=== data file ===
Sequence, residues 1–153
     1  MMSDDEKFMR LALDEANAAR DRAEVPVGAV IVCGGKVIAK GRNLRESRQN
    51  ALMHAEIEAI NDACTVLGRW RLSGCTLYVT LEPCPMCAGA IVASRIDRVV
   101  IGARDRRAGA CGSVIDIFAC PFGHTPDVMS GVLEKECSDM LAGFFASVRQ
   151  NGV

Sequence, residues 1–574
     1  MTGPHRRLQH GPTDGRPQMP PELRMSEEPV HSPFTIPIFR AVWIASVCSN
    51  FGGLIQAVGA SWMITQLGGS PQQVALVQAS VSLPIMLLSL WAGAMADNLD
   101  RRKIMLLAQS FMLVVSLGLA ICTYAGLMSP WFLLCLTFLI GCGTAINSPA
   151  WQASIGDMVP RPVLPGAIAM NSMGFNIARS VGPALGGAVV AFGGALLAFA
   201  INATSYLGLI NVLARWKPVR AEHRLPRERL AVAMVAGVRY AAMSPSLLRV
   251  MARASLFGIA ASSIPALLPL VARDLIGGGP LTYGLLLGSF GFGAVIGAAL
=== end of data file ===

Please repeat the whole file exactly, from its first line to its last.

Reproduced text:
Sequence, residues 1–153
     1  MMSDDEKFMR LALDEANAAR DRAEVPVGAV IVCGGKVIAK GRNLRESRQN
    51  ALMHAEIEAI NDACTVLGRW RLSGCTLYVT LEPCPMCAGA IVASRIDRVV
   101  IGARDRRAGA CGSVIDIFAC PFGHTPDVMS GVLEKECSDM LAGFFASVRQ
   151  NGV

Sequence, residues 1–574
     1  MTGPHRRLQH GPTDGRPQMP PELRMSEEPV HSPFTIPIFR AVWIASVCSN
    51  FGGLIQAVGA SWMITQLGGS PQQVALVQAS VSLPIMLLSL WAGAMADNLD
   101  RRKIMLLAQS FMLVVSLGLA ICTYAGLMSP WFLLCLTFLI GCGTAINSPA
   151  WQASIGDMVP RPVLPGAIAM NSMGFNIARS VGPALGGAVV AFGGALLAFA
   201  INATSYLGLI NVLARWKPVR AEHRLPRERL AVAMVAGVRY AAMSPSLLRV
   251  MARASLFGIA ASSIPALLPL VARDLIGGGP LTYGLLLGSF GFGAVIGAAL